No matter how much you keep up with the proper paperwork, maintain your records with your caseworker, or try to maintain your food stamp benefits there are times when food stamps may be denied.
With heavy criticism from political candidates like Newt Gingrich, food stamp programs have been taking some heavy heat. The same critics suggest limiting funding due to food stamp abuse. However, SNAP has provided the nation with some major benefits that are making proponents advocate for lower restrictions. Already, states like Florida and New York are taking steps to limit the food stamp program by placing more restrictions on what you can buy to fingerprinting food stamp users. The actions are damaging to the 1 in 7 Americans who use food stamps to survive and simply don't like the stigma that comes with these restrictions. Instead, lawmakers should be looking at some of the obvious benefits for SNAP users.
For one, almost 75 percent of SNAP participants are in families with children, and another quarter of participants have senior citizens and disabled persons in their homes. Along unemployment insurance, SNAP is the only program that provides immediate service and attention to those who are in incredible need. The program has helped with the nation’s hunger problems, but these problems are nowhere near solved, according to the Center on Budget and Policy Priorities.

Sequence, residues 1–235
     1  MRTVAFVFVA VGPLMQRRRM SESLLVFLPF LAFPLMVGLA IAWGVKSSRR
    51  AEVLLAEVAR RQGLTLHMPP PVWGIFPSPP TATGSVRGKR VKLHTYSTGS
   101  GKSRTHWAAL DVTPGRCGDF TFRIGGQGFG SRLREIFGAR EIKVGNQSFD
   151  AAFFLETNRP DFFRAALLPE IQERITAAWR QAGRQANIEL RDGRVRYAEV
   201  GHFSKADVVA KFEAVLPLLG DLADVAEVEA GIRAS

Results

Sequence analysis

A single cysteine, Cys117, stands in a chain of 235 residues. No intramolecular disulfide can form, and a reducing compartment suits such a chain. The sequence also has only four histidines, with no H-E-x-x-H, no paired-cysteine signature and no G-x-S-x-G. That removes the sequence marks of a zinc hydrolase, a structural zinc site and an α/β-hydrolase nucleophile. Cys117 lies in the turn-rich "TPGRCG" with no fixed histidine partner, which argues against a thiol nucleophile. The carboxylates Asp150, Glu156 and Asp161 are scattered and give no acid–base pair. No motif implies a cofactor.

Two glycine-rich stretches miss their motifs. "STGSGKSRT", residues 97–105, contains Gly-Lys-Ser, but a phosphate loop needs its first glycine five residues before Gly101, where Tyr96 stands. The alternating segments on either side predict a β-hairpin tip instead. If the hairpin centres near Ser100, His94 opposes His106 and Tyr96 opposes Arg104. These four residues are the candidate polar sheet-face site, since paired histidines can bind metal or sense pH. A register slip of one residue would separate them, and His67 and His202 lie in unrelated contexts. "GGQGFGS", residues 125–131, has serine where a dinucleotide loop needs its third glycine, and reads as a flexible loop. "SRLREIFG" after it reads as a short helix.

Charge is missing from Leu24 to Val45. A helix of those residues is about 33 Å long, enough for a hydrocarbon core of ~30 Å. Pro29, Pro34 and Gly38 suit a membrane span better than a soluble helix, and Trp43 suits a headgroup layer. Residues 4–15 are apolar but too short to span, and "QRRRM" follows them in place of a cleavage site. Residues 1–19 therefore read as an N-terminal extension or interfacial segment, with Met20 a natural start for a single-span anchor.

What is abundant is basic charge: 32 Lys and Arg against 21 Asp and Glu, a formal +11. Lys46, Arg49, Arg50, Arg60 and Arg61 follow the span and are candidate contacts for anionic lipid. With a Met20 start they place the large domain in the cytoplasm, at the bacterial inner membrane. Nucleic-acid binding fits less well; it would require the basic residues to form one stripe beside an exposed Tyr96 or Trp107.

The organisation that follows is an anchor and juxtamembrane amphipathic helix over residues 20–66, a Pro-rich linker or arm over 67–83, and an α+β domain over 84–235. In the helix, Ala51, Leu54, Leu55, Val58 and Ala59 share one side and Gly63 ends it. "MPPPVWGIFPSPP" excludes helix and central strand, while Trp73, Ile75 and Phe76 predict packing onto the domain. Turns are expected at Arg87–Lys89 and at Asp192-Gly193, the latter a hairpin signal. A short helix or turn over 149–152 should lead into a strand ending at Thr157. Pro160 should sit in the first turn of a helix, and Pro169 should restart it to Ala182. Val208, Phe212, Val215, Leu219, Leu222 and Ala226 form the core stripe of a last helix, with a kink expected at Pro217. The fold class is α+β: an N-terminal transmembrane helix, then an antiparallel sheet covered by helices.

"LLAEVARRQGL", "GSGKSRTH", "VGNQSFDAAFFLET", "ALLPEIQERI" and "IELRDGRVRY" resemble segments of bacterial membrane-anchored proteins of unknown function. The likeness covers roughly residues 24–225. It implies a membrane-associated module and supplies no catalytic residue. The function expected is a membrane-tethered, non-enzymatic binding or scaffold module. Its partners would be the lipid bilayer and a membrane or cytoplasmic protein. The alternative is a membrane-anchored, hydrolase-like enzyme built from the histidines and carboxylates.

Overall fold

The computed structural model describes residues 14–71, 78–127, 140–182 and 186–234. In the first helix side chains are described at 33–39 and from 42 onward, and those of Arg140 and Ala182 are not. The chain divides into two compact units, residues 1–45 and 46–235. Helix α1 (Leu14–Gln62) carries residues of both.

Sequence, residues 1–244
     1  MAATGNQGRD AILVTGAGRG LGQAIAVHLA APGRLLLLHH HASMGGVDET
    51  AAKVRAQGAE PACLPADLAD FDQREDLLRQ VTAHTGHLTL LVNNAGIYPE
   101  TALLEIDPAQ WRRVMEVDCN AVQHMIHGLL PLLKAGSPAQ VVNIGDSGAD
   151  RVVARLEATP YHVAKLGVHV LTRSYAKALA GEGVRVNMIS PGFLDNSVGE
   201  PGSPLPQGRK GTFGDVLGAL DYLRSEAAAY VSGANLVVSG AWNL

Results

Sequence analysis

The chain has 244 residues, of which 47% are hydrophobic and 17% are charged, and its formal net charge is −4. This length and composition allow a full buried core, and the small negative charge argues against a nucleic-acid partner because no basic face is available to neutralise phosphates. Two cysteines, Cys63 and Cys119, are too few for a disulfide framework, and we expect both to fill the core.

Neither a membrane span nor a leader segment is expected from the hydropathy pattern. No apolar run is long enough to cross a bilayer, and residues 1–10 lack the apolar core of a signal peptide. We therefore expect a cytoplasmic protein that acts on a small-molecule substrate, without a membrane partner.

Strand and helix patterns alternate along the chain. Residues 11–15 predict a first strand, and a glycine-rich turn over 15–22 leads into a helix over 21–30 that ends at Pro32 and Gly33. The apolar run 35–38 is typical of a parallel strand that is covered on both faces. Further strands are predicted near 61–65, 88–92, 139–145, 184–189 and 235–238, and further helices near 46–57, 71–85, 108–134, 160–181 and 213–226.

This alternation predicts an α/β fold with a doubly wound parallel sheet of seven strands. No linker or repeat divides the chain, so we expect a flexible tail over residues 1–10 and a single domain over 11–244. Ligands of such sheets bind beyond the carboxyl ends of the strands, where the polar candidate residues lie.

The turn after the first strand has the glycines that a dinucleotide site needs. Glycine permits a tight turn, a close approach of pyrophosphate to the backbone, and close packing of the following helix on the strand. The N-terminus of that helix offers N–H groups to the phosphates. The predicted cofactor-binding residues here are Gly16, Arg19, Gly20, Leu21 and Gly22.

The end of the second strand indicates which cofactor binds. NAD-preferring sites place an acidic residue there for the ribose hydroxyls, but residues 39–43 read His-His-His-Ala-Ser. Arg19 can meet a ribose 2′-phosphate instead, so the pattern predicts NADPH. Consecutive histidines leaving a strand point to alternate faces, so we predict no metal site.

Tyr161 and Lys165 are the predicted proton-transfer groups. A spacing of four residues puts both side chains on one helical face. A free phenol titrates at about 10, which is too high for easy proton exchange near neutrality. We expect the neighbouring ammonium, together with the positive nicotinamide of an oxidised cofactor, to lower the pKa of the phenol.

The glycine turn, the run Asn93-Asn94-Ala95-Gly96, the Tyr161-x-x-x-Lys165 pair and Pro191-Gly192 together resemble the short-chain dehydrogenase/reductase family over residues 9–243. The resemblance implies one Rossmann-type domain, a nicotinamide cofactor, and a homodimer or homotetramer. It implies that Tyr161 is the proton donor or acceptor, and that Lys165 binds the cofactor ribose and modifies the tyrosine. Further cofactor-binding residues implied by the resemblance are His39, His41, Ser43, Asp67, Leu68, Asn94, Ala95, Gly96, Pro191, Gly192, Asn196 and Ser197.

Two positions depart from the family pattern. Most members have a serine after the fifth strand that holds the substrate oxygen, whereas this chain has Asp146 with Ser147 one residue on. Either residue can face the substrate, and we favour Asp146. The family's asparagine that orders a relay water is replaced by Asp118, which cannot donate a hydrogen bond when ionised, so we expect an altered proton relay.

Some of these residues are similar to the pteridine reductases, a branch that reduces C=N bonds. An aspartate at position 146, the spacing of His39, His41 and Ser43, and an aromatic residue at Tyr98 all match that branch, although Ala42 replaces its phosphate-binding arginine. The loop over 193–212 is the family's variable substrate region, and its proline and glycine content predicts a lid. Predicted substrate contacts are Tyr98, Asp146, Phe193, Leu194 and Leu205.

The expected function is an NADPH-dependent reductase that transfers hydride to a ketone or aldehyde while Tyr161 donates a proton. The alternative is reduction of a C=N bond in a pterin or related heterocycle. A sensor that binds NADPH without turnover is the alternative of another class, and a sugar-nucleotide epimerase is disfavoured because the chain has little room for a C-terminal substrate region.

SNAP allows families to bridge the gaps between temporary unemployment and periods of poverty that come when you are unemployed. If food assistance were to disappear tomorrow, American families would be cast aside to be hungry. SNAP directly benefits low-income families. It protects families from hardship and hunger. Parents can use SNAP to supplement a meager income and provide a good, healthy meal for their kids.
SNAP also does a great deal for the economy. SNAP users contribute money back into the economy by using food stamps and it also helps maintain the food demand during slow economic periods. Food stamps are considered to be the fastest, most effective form of economic stimulus because it directly goes back into the economy once spent. Moody’s Analytics estimates that in a weak economy, every $1 increased in SNAP benefits actually generates more money, $1.72 to be exact.
Most of all, 93 percent of SNAP benefits go to households with incomes that are below the poverty line, and 55 percent go to households with incomes below half of the poverty line. Families with the greatest need are given aid and survive through an economic downturn. For those benefits, many families have been able to withstand a financial drought.